They sat down five or six times, Herbert explained over the phone, so he could tell his story and Hogg could probe him for more detail here or there.
High literature it ain't, but Herbert's voice—so familiar to millions from his Sky punditry—is evident throughout. Reading the book is what you imagine it must be like to sit with him at the pub and have him tell you the story of his career.
While reading, it jumps out at you that, although some aspects of the F1 world are different today, many are still the same.
There was angst about pay drivers in the 1990s, too, and concerns about Ferrari's close ties to Sauber (hello, Haas F1).
One difference, though, is the amount of scrutiny the drivers are under today. Herbert told me it would be nearly impossible for a young driver today to suffer the same type of injuries he had and still make it into F1.
In fact, he writes, he was lucky to be allowed on the grid even back in 1989. He could barely walk and had to be helped into the car, but Professor Sid Watkins, the race doctor, cleared him, and FIA president Jean-Marie Balestre signed off on his Super Licence.
As you would expect, the book features plenty of Herbert's off-track funny moments, from pinching Ayrton Senna's butt to announcing his arrival at a Sauber test by crashing his rental car into the back of a Cosworth van to performing a pole dance for JJ Lehto and the rest of their American Le Mans Series team clad in a leopard-print thong.
Herbert's candidness also comes across at more serious times, and he writes openly about the dark days that followed his F3000 crash. During his career, he tried to hide his physical suffering so it would not adversely affect his driving prospects. Now, freed from those worries, he explains that it was nearly two years after the accident before he could enjoy even a few pain-free minutes.
Shortly after the crash, when he was unsure he would ever be able to drive again, he writes, "I lay back on the bed and closed my eyes. I'm certainly no quitter, but at that very moment in time—just for a moment, though—all I wanted to do was go to sleep and never wake up again."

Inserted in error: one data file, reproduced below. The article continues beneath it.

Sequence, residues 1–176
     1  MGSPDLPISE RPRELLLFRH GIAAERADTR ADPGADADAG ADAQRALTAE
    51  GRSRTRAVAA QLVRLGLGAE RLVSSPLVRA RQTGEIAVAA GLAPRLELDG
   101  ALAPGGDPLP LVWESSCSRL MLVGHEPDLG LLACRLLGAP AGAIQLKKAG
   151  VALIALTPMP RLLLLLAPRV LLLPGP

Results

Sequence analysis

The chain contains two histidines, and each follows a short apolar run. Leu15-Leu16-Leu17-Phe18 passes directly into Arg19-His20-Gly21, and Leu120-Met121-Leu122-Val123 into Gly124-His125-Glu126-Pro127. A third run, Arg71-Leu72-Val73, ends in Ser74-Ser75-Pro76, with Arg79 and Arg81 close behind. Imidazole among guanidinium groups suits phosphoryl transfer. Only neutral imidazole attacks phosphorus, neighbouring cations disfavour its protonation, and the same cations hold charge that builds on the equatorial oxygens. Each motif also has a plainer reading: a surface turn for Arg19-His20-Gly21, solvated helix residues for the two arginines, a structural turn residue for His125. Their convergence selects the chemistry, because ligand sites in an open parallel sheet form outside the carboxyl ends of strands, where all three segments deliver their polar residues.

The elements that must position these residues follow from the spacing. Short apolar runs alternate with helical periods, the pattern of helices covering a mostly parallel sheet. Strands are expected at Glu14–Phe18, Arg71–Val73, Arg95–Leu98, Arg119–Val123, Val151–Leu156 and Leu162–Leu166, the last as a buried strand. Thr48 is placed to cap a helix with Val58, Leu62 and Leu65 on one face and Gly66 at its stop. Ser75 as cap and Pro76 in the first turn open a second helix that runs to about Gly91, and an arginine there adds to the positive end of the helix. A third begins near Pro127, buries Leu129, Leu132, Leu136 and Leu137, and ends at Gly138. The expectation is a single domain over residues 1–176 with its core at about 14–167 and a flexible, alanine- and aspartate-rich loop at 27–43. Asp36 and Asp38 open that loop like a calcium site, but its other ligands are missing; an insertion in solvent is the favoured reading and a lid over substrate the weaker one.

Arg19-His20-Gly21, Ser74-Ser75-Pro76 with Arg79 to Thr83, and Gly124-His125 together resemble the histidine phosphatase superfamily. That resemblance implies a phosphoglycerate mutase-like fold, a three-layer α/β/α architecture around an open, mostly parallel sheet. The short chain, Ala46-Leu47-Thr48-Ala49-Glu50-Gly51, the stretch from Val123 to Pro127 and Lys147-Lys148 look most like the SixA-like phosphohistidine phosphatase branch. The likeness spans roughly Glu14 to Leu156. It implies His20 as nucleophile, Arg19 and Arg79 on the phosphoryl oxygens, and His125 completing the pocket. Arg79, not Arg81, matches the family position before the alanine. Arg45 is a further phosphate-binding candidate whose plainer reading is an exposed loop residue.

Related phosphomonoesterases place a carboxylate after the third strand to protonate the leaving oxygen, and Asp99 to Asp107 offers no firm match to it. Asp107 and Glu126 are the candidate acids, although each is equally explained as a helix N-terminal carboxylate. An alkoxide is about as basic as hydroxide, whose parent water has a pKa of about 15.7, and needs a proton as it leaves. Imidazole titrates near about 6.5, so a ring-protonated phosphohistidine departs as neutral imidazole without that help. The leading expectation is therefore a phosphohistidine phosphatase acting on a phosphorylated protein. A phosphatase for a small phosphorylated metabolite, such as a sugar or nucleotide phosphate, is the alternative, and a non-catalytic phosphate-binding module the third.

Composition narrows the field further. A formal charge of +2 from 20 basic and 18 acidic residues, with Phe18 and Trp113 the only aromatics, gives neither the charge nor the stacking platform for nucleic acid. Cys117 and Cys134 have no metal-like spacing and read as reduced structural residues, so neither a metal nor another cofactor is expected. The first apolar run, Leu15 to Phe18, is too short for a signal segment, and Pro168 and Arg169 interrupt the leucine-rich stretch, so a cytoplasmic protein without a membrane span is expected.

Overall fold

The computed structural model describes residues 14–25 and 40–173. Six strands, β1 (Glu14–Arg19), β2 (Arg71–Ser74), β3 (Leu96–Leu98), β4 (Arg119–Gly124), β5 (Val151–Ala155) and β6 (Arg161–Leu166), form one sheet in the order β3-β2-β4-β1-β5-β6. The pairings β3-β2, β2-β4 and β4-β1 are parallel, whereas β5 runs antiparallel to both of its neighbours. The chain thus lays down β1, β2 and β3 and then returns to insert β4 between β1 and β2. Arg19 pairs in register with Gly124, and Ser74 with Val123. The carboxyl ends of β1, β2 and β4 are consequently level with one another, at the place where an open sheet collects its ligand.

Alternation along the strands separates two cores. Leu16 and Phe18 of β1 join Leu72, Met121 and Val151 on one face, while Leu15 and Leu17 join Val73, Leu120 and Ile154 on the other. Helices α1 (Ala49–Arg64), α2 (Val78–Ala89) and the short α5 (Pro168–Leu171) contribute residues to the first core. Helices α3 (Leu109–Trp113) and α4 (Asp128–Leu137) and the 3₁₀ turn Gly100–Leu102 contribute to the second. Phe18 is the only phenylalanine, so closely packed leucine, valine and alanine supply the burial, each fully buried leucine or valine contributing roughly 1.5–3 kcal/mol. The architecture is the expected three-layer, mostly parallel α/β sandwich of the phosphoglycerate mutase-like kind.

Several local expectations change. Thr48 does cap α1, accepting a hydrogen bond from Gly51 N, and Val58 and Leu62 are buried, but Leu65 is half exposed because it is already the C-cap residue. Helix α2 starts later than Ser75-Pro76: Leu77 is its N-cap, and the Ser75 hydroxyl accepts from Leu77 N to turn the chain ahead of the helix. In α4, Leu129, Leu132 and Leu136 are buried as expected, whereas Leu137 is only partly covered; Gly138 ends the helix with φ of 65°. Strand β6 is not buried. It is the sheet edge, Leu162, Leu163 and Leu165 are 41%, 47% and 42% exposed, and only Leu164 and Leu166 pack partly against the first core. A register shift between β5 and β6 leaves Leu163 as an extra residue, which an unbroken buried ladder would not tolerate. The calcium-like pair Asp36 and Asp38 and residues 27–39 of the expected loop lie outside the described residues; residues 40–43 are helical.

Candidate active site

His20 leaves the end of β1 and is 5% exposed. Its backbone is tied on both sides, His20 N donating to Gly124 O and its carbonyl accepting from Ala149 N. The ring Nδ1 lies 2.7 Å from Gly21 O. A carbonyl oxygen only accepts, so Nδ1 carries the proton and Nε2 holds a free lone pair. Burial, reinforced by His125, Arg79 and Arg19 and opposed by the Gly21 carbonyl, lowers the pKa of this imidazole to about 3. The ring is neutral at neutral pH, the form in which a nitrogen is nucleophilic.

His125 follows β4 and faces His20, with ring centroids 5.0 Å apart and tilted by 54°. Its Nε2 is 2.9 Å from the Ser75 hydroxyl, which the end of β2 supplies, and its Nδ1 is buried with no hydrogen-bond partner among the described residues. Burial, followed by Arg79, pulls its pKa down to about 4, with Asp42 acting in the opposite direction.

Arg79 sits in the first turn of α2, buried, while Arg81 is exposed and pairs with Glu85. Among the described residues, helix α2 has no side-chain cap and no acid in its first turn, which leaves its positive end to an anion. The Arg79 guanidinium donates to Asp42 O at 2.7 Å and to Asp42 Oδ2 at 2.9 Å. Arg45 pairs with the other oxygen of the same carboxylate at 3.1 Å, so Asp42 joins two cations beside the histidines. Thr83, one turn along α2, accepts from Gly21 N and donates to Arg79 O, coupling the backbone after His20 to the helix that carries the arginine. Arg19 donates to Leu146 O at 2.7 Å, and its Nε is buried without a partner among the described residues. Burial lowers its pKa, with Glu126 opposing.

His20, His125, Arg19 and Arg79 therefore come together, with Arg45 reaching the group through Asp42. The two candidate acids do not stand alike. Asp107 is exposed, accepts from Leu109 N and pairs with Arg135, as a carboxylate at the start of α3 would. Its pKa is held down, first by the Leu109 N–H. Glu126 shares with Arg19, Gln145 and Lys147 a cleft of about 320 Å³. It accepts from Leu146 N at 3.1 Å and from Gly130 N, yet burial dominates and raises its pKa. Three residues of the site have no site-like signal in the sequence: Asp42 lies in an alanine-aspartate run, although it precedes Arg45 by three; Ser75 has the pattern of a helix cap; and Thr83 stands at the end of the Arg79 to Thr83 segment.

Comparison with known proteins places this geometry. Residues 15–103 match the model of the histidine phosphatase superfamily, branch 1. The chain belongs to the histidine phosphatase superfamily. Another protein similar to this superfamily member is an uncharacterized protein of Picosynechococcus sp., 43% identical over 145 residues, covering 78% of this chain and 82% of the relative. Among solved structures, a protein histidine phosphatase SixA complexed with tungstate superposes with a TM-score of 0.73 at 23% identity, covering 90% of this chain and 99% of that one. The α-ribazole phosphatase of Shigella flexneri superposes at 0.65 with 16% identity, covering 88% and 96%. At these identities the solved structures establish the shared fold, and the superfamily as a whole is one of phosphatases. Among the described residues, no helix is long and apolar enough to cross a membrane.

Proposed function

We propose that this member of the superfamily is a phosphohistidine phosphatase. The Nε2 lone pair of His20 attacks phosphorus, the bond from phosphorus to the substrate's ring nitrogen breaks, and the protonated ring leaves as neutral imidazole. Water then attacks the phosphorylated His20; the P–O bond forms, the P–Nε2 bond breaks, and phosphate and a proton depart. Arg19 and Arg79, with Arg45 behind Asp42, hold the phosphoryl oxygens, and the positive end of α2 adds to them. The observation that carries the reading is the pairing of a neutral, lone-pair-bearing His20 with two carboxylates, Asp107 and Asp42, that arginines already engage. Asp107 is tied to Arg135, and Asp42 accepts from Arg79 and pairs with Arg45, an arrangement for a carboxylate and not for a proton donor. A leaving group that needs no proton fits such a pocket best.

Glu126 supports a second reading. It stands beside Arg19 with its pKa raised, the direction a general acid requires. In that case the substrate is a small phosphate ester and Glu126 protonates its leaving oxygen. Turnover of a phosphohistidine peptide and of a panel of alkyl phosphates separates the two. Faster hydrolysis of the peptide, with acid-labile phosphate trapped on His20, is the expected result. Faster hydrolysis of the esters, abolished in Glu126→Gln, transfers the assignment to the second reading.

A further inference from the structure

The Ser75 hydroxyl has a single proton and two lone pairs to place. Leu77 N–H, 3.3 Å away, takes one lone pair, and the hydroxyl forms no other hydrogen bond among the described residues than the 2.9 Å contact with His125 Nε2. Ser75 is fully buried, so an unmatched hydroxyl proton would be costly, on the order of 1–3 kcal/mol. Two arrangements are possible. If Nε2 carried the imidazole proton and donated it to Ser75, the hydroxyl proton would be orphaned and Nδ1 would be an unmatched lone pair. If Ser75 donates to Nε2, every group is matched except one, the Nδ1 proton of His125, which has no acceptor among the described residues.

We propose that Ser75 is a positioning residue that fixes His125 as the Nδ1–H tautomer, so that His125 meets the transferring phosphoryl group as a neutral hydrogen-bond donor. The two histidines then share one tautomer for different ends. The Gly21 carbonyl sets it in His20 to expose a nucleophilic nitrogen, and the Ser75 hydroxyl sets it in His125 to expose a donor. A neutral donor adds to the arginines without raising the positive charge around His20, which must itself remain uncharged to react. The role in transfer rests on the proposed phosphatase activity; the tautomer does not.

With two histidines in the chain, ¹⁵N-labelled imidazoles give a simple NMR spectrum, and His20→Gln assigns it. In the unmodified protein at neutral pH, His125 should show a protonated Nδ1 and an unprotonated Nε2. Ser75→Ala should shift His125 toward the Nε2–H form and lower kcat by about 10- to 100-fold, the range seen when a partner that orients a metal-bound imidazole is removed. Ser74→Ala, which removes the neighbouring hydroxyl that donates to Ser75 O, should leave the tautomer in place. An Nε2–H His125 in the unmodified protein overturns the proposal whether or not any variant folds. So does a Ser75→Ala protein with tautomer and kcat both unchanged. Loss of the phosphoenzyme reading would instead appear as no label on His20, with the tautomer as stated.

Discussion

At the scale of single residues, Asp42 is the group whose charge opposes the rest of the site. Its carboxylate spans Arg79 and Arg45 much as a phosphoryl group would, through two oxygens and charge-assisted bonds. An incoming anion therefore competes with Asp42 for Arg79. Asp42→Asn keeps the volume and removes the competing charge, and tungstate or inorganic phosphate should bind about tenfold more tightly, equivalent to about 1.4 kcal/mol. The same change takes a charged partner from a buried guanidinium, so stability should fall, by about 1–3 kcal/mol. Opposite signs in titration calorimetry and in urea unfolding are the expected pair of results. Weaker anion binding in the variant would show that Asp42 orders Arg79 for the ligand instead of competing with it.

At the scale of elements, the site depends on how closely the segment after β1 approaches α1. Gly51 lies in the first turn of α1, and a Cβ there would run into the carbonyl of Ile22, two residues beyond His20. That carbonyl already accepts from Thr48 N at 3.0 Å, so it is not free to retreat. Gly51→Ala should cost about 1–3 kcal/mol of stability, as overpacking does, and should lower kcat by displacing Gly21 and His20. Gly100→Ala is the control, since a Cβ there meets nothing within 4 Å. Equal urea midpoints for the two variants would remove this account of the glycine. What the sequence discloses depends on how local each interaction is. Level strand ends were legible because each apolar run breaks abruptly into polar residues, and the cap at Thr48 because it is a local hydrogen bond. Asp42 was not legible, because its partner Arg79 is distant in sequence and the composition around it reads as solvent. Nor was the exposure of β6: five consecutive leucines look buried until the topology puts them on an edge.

Working on the autobiography also reopened some old wounds, Herbert said during our interview. At a book event the day before, he cried while speaking about the crash and its aftermath, and he started to tear up again on the phone.
Those raw emotions, despite the passage of nearly three decades, underscore the unlikeliness of his comeback from nearly losing everything to the pinnacle of motorsport.
I would have liked to read more about Herbert's foray into television, as there must be some great outtakes from his new life with Hill, Martin Brundle and the gang, but his Sky mates only make brief cameos throughout the text.
Likewise, there is a missed opportunity to give a bit of insight into the personal life of an F1 driver. Herbert acknowledges the burden placed on his wife, Rebecca, and their daughters, but it would be interesting to read more about how someone involved in a sport as immersive as F1 manages their life away from the track.
Still, there is plenty to like about What Doesn't Kill You... The many anecdotes from the paddock will be of interest to F1 fans young and old, and the details of exactly what Herbert went through following his crash will surprise even those who followed motorsport in the 1980s. Meanwhile the younger generation, who may only know him from Sky, will benefit from reading an in-depth account of his career for perhaps the first time.
Herbert never won his world championship, but his story is inspirational nonetheless. He was just an Essex boy with a dream who overcame some of the longest odds imaginable to fashion a career for himself in perhaps the most exclusive sport in the world.
Matthew Walthert is an F1 columnist for Bleacher Report UK. He has also written for VICE, FourFourTwo and the Globe and Mail.